By Robin Brant
BBC News, Malaysia
Malaysia's prime minister has ordered his government to take a fresh look at recruitment levels of non-Malays, after thousands of ethnic Indians took to the streets to protest against what they say is years of discrimination.
The protestors were calling for equal treatment and opportunities
At least 10,000 people gathered in central Kuala Lumpur last week to demonstrate against the unfair treatment they say they have had to endure.
Police used tear gas and water cannon to break up the marches.
The level of support was unprecedented, but, aside from the numbers involved, what has particularly concerned the Malaysian government is the ethnic division the protest highlighted.
Modern Malaysia is built on the co-existence of three ethnic groups - Malays, Chinese and Indians.
The protesters were Indians, who make up around 8% of the population, railing against the Malay majority, who account for about 60%.
The country has quotas that ensure preferential treatment for Malays looking for work or those who want to set up a business.
The Indians say this means they lose out.
The three men were charged with sedition before the rallies
P Uthayakumar is one of the lawyers who lead the Hindu Rights Action Force (Hindraf) - the organisation behind last Sunday's protest march.
Along with two colleagues, he was arrested and charged with sedition before the event, but later released without charge.
He says discrimination was something Indians have always been worried about.
"The term of reference of Malaysia's independence was equality for all communities, and there were many fears of the Indian community 51 years ago, just before we achieve independence," he said.
Now, 50 years on, as Malaysia looks forward to a new era of development, Mr Uthayakumar says those fears have become a reality.
"There was even one suggestion made... that we would be completely at the mercy of the Malay [Muslim] majority. Today it has become completely true," he said.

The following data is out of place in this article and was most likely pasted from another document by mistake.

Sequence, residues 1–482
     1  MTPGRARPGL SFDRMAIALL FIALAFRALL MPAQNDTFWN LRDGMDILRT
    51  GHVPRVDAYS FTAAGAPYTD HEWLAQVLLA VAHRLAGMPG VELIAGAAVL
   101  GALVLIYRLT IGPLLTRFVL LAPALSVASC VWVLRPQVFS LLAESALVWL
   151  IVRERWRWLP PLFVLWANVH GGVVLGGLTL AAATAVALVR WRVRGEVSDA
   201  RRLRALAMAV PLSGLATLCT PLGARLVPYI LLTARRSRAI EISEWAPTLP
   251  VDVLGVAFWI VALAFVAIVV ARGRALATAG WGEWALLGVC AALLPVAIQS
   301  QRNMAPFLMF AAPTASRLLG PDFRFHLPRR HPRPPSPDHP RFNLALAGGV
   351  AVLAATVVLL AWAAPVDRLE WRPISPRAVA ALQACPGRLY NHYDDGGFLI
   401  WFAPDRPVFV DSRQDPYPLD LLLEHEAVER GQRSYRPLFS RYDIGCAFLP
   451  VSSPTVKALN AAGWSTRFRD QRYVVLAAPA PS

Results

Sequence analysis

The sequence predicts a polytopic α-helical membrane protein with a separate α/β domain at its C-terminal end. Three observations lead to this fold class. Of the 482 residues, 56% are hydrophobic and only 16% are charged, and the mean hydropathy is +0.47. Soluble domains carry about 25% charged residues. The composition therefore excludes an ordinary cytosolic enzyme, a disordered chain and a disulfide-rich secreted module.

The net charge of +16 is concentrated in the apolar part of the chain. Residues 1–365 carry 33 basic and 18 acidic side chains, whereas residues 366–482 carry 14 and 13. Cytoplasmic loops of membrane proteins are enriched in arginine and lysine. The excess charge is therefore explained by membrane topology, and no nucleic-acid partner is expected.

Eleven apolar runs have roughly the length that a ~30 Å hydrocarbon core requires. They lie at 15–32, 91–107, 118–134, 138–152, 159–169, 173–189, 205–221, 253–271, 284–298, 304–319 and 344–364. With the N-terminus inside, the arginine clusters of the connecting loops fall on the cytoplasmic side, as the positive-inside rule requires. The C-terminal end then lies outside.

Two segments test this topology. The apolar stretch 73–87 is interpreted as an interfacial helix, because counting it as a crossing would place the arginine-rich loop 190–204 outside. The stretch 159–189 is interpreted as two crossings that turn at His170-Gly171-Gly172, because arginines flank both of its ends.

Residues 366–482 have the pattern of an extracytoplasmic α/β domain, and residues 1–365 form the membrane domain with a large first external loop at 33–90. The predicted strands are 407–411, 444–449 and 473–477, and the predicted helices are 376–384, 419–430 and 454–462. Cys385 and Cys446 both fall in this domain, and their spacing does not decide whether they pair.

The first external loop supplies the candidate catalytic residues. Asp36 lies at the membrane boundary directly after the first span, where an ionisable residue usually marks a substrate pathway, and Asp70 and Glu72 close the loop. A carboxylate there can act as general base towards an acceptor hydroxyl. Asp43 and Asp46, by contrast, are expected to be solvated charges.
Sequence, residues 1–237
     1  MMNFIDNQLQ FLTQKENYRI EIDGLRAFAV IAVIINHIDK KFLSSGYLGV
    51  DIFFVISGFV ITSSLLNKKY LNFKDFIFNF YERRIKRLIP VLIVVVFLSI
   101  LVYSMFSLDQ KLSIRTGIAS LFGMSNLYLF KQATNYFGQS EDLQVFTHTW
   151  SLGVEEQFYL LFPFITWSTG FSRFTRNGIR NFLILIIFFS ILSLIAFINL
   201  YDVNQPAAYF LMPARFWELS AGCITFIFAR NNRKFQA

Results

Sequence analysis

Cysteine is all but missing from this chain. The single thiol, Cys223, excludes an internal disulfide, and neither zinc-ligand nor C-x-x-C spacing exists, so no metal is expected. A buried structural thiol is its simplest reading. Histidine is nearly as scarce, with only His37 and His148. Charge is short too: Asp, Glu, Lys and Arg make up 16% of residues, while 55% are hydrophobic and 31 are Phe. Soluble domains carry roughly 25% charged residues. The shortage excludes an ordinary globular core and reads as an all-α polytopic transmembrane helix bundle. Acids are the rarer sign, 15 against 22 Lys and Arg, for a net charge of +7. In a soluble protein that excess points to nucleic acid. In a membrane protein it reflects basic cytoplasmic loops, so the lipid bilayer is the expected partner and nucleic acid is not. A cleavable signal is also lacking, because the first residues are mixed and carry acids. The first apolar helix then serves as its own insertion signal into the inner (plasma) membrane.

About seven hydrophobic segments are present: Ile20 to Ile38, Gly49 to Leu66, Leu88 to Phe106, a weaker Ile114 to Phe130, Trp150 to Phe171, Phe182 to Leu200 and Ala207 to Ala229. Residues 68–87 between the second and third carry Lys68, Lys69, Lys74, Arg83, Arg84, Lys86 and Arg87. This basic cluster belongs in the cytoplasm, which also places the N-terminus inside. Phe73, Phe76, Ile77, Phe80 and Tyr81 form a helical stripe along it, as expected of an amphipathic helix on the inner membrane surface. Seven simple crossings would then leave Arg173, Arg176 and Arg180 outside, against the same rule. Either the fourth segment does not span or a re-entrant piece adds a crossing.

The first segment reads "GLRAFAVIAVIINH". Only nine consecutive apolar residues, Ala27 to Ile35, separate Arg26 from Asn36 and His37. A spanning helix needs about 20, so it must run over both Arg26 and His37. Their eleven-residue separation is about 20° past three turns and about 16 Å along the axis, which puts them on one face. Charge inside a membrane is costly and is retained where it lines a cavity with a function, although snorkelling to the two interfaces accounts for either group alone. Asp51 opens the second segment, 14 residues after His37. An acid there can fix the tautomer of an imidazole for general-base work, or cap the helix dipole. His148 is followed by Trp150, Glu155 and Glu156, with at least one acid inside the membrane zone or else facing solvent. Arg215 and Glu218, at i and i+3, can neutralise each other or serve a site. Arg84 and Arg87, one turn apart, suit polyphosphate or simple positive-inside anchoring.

Indians say Tamil schools have less funding than Malay schools
The marchers were calling for fairer treatment. Education is a key complaint.
They say their Tamil-speaking schools do not get the same money as other public schools, which means the level of teaching is lower.
But in the area of the capital where the Indian community is centred, 21-year-old graduate and telecoms engineer Tavan Aysan said he had done very well out of Malaysia's education system.
"In my case I didn't face that sort of a problem,' he said, but added: "It could be my luck."
But the people around us as we spoke, getting on with their work, illustrated the problem many complain of.
There were men cooking on the pavements as street vendors, and others weaving startlingly bright flower petals into beautiful garlands.
In modern Malaysia, the place where Apple makes its mice and Sony assembles many of its gadgets, flower arranging is not the way to a comfortable future.
Police used water cannon to disperse the Indian protesters
The two million Indians in Malaysia are predominantly Hindus, and the Hindraf campaigners say there has been religious discrimination too.
Hindu temples have been torn down to make way for new buildings without proper consultation, they claim.
All of this would be valid grounds for complaint in the eyes of many governments but in Malaysia, protests are not acceptable.
Prime Minister Abdullah Badawi warned people that taking to the streets was not "the proper way" in Malaysia.
Even some Indians disagree with the cause of the Hindu Rights Action Force. Those Indians are the ones in government.
The Malaysian Indian Congress (MIC) is a founder member of Malaysia's coalition government, the Barisan Nasional (National Front), which has governed the country in some form since its independence 50 years ago.
MIC Secretary General Dr S Subramaniam said that street protests were "a culture which is totally foreign to this country".
"The people of this country are not used to it," he said.
"They are concerned because of the multi-racial element in this country... it can grow into something which cannot be controlled."
Concern about racial tension boiling over is not just because of what might happen, but because of what did happen.
Hundreds died in racial riots in Malaysia in 1969, when the country was barely a decade old.
The government sees any attempt to replicate that unrest as a threat to the nation itself.
But there is also a contemporary political element to these protests.
A general election is coming here, probably in the new year, and the race card is a vote winner, although you are unlikely to hear many say that overtly.
At the recent annual assembly for Umno - the main party of Malays and the main party in the governing coalition - the politicians warned people not to challenge Malay rights, which lie at the foundations of modern-day Malaysia.
Mr Uthayakumar said that the protest rallies would go on if the prime minister did not begin a dialogue with his organisation.
Further marches are planned across Malaysia over the coming weeks, part of separate campaigns for different causes.
But it is clear that some in this country now seem to have got the bug for demonstrating.
The key difference with last weekend's protest was that it was a protest rooted in ethnic division.
That is why it is such a cause for concern for Malaysia's government.